Revisiting Austin Clarke's novel about memory, migration and a chance encounter
Welcome to episode three of The Backlist, a series about Canadian novels that have fallen out of public memory — or never got the attention they deserved in the first place.
At the beginning of Austin Clarke's 1997 novel The Origin of Waves, a man bumps into a friend he hasn't seen in 50 years in the middle of a Toronto snowstorm.
The two men grew up together in Barbados. Their lives had taken them in different directions — but now, deposited them back in the same place.
They go to a bar on Yonge Street, and begin to fill in the missing pieces. They talk about love, sex, regret and money. They swap boasts and tall tales.
But as the night goes on, a deeper and more complicated truth about their lives starts to emerge.
He blazed a trail for immigrant writers of colour, black writers, trying to come to voice in a country that did not want to hear from us.- George Elliot Clarke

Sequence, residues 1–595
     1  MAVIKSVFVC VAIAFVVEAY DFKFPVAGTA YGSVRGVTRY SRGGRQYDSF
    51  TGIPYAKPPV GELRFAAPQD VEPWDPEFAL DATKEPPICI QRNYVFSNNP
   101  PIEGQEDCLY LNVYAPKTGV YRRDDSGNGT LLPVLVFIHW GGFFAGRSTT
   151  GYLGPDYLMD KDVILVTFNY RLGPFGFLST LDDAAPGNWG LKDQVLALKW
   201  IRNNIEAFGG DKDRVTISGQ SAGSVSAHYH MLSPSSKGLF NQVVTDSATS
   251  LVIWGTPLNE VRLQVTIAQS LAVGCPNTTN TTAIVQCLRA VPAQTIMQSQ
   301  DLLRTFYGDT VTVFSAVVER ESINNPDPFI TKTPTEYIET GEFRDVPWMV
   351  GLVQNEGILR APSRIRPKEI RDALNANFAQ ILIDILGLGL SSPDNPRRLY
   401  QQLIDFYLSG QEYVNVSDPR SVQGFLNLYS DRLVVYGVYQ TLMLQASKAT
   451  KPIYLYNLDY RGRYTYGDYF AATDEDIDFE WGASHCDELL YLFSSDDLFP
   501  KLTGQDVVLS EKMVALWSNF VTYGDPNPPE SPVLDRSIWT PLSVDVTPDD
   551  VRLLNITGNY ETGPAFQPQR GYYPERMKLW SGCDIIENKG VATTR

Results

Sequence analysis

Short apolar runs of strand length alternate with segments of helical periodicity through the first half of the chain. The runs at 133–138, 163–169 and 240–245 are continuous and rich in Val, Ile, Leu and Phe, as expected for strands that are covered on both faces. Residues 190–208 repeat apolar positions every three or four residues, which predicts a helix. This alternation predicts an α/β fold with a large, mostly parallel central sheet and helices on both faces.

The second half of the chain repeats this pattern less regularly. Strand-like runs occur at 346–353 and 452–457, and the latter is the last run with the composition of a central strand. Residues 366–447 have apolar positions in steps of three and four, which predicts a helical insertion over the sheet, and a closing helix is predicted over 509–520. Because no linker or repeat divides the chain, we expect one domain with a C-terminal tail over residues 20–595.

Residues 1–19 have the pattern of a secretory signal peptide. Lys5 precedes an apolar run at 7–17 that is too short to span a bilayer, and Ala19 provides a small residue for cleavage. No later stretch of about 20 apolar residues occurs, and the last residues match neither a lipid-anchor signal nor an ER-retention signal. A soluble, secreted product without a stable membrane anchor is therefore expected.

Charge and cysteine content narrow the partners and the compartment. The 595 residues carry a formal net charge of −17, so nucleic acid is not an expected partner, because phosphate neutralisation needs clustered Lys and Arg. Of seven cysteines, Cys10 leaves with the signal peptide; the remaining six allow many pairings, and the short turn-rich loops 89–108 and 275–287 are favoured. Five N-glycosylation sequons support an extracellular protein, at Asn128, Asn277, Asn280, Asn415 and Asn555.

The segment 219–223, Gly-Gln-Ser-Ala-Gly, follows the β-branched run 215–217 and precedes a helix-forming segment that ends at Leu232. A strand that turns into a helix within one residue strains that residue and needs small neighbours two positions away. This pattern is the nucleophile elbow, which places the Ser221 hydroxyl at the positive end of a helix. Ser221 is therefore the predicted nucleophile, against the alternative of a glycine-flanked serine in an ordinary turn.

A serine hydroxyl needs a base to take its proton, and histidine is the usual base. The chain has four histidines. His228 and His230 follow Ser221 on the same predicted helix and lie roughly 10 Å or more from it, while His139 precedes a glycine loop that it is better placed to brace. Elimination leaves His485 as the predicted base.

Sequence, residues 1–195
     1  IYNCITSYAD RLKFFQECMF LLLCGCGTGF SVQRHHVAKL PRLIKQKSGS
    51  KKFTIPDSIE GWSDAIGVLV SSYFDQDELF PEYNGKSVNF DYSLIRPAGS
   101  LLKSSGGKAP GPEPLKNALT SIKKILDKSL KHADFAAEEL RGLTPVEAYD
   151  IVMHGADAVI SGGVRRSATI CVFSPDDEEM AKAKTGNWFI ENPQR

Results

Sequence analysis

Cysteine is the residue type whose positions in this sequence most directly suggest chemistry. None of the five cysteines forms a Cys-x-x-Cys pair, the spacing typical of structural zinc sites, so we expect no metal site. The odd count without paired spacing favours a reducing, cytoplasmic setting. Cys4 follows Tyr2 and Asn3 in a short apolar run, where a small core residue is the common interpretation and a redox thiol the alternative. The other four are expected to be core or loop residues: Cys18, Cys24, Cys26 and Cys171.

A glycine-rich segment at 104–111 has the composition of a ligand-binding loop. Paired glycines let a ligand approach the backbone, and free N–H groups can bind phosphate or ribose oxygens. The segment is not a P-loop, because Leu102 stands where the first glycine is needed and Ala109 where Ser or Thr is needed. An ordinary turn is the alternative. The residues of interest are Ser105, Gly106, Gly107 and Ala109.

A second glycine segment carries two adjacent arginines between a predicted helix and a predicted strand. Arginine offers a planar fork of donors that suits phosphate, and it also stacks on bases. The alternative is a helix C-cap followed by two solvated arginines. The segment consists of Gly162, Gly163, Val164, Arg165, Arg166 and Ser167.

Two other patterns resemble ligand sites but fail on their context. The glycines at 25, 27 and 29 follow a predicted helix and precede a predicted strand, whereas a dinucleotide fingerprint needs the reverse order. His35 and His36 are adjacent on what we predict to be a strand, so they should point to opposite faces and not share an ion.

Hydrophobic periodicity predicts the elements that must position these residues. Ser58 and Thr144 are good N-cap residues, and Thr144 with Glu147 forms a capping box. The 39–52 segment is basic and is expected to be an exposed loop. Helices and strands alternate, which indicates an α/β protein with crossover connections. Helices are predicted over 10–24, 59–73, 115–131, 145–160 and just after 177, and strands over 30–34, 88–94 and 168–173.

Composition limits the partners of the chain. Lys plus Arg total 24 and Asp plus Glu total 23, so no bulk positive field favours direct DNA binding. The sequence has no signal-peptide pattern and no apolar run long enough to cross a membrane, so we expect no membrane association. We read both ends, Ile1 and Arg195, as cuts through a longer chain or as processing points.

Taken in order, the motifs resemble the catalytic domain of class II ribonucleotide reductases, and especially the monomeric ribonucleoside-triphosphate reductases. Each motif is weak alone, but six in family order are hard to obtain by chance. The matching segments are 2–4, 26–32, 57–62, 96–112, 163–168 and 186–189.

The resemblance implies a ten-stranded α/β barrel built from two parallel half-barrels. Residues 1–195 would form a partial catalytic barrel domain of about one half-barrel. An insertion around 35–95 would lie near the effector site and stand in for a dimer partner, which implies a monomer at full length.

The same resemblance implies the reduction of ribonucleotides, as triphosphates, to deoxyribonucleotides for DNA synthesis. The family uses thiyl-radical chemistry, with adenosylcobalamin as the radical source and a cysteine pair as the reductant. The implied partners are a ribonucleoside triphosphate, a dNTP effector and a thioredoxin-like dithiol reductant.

Though the action of the novel is confined to a single night, it contains 50 years of memories from both men.
In episode 3 of The Backlist, poet, playwright and scholar George Elliott Clarke spoke to Michael Enright about Austin Clarke's approach to writing about memory and the past.
"Waves themselves originate somewhere. They travel some distance ... and along the way, might be thought of metaphysically as carrying some memory of their origins. But I like to think of this also as a metaphor for immigration," he said.
"In a sense, I think this novel is about thinking through fifty years of waves of memories associated with the migration."
He described Austin Clarke as a pioneer and an elder — a figure he looked up to and reckoned with as he began his own literary career.
"He blazed a trail for immigrant writers of colour, black writers, trying to come to voice in a country that did not want to hear from us — because I think a lot of folks expected we might not have much good to say," he said.
Clarke spoke to Enright about Austin Clarke's understanding of the relationship between race and class, the pressure his black male characters often feel to present embellished stories about their success, and why he thinks Canadians should read this novel.
The Origin of Waves was published by McClelland & Stewart.
Click 'listen' above to hear the interview. In episode 4 of The Backlist, Michael Enright will speak to Doug Gibson about Hugh Maclennan's 1958 novel The Watch That Ends the Night.